Whitmer orders all restaurants, entertainment venues to close temporarily

Monday, March 16, 2020 - 9:14am

Governor Gretchen Whitmer to order all Michigan bars and restaurants to shut down amid the coronavirus outbreak.

Governor Gretchen Whitmer to order all Michigan bars and restaurants to shut down amid the coronavirus outbreak. Buy this photo
Asha Lewis/Daily

Gov. Gretchen Whitmer issued an executive order on Monday morning closing all Michigan restaurants, bars and entertainment venues in an effort to slow the spread of the novel coronavirus. The order goes into effect at 3 p.m. on Monday and the restrictions will last until March 30.

The restrictions apply to bars, restaurants, coffee shops, movie theaters, clubs, gyms, recreation centers, spas and casinos, among other places of public accommodation.

According to a press release, the order allows dining establishments to continue providing delivery services and offering takeout, but restaurants may only let five people inside at a time to retrieve their orders. Customers must maintain six feet of distance between themselves, in accordance with social distancing protocols from public health authorities.

In a statement, Whitmer urged Michiganders to act with caution when they go into public spaces.

“This disease is a challenge unlike any we’ve experienced in our lifetimes,” Whitmer said. “Fighting it will cause significant but temporary changes to our daily lives. By practicing social distancing and taking aggressive action now, the state is working to mitigate the spread of coronavirus so we reduce the risk that our health care system becomes overwhelmed. This is about saving lives. Michiganders are tough and we are going to get through this, but it will require everyone doing their part. That means making smart choices and not putting yourself or others at risk by going out in public unless it is absolutely necessary.”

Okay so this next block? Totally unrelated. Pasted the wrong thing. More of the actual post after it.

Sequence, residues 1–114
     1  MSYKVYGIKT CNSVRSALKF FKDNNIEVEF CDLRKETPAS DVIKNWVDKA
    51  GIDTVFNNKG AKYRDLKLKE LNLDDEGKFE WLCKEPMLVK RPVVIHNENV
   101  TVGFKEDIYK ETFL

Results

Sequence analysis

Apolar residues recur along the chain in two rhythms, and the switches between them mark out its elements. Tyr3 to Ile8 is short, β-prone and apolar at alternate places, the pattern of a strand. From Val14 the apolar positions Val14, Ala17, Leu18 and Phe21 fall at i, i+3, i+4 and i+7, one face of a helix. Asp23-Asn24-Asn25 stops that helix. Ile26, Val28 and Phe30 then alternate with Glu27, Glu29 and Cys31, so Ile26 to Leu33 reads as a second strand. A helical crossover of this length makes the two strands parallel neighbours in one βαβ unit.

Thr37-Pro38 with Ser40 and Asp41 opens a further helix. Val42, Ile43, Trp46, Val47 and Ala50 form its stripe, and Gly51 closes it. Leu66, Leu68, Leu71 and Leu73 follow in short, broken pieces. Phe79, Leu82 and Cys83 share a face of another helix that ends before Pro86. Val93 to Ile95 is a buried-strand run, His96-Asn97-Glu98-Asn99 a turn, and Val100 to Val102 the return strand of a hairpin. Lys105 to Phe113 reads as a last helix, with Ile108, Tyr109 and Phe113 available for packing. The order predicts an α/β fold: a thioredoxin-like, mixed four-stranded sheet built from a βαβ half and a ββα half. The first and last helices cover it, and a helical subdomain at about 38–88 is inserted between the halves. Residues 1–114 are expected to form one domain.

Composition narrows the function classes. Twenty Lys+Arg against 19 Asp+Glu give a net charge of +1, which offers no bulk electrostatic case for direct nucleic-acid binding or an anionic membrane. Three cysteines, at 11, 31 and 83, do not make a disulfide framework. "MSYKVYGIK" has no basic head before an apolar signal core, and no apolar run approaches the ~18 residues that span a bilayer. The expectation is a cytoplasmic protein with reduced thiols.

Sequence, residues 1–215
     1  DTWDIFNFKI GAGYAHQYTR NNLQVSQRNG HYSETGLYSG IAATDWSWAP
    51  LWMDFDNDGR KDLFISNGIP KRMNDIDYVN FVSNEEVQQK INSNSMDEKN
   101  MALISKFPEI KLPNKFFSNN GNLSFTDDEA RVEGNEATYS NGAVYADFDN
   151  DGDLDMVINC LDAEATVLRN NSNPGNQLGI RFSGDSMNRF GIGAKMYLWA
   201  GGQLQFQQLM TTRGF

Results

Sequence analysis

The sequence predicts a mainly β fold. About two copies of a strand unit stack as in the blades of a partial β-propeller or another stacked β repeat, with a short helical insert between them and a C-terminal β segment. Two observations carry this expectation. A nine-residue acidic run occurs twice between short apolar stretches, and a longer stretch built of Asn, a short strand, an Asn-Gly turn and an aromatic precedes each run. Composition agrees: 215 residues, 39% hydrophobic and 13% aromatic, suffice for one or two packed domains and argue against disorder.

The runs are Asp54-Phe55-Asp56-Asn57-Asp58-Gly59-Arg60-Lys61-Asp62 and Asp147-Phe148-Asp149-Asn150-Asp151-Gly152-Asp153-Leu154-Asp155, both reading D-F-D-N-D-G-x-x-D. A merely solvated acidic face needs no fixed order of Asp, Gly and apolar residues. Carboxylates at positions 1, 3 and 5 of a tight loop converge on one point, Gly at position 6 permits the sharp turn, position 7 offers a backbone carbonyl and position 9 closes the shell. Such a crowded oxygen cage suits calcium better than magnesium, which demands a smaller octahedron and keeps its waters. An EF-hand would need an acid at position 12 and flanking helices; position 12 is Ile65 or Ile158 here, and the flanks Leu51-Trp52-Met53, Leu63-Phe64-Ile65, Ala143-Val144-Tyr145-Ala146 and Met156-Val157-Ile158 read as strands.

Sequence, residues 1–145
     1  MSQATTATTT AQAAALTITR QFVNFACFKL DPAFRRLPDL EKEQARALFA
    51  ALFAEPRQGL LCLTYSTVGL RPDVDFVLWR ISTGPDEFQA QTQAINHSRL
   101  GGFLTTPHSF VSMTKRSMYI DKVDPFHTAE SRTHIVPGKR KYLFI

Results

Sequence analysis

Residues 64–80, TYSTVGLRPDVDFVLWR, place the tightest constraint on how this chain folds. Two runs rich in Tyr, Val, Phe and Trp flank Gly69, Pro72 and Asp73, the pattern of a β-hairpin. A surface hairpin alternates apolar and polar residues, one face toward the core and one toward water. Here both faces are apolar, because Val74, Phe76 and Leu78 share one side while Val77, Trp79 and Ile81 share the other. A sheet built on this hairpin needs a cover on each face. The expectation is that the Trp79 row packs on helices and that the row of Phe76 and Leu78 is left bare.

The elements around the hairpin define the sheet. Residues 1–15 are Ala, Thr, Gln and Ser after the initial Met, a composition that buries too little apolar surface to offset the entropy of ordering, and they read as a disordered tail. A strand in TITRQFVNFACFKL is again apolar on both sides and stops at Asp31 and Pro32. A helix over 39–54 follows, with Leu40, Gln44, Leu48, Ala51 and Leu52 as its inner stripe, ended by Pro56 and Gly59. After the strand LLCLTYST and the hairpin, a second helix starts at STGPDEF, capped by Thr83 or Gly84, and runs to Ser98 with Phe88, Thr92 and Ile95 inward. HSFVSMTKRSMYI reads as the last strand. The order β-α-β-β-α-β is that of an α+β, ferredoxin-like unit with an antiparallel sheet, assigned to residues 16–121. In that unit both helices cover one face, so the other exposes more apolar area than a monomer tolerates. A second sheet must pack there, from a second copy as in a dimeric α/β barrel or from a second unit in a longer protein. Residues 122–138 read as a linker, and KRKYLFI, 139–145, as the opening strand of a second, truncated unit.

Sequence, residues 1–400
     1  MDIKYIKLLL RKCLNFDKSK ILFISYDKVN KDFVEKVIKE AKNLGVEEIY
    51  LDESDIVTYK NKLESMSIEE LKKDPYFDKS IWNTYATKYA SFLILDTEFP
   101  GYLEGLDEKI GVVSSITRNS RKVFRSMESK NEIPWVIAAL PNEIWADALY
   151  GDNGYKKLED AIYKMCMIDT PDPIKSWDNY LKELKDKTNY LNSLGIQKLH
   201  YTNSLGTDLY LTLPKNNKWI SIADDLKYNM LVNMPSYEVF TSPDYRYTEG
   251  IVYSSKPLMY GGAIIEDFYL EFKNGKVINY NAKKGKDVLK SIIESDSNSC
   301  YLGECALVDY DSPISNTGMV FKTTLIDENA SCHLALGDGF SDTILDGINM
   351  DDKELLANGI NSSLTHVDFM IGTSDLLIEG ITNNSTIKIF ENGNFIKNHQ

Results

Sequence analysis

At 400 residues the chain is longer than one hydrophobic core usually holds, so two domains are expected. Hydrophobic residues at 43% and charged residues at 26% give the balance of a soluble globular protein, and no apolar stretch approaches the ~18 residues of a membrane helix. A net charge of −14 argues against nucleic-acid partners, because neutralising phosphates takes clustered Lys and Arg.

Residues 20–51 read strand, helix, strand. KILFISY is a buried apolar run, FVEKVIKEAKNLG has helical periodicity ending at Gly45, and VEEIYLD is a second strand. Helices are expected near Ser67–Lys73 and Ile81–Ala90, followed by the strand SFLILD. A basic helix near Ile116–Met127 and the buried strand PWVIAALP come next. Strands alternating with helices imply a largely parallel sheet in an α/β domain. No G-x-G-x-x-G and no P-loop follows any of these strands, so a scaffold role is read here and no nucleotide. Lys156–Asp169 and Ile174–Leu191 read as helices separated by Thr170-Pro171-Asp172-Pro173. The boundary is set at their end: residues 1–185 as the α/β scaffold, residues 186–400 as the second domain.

Social distancing refers to people maintaining six feet of space between one another and avoiding being in situations of close proximity to others as much as possible. 

In the press release, Joneigh S. Khaldun, Michigan’s chief medical executive and chief deputy director for health at the Michigan Department of Health and Human Services, said this was an important step to protect people from the spread of coronavirus.

“We need to move quickly to slow the spread of the virus and protect public health,” Khaldun said. “I realize these actions will present temporary changes to the way we live, but they are critical to help ensure our health care system is prepared to treat those who need the most urgent medical care.”

Whitmer is not the first governor to take this step. On Sunday, the governors of Ohio and Illinois both ordered all bars and restaurants in their states to close. Others across the country have followed suit. This comes after people continued to go out to bars and parties over the weekend in celebration of St. Patrick’s Day.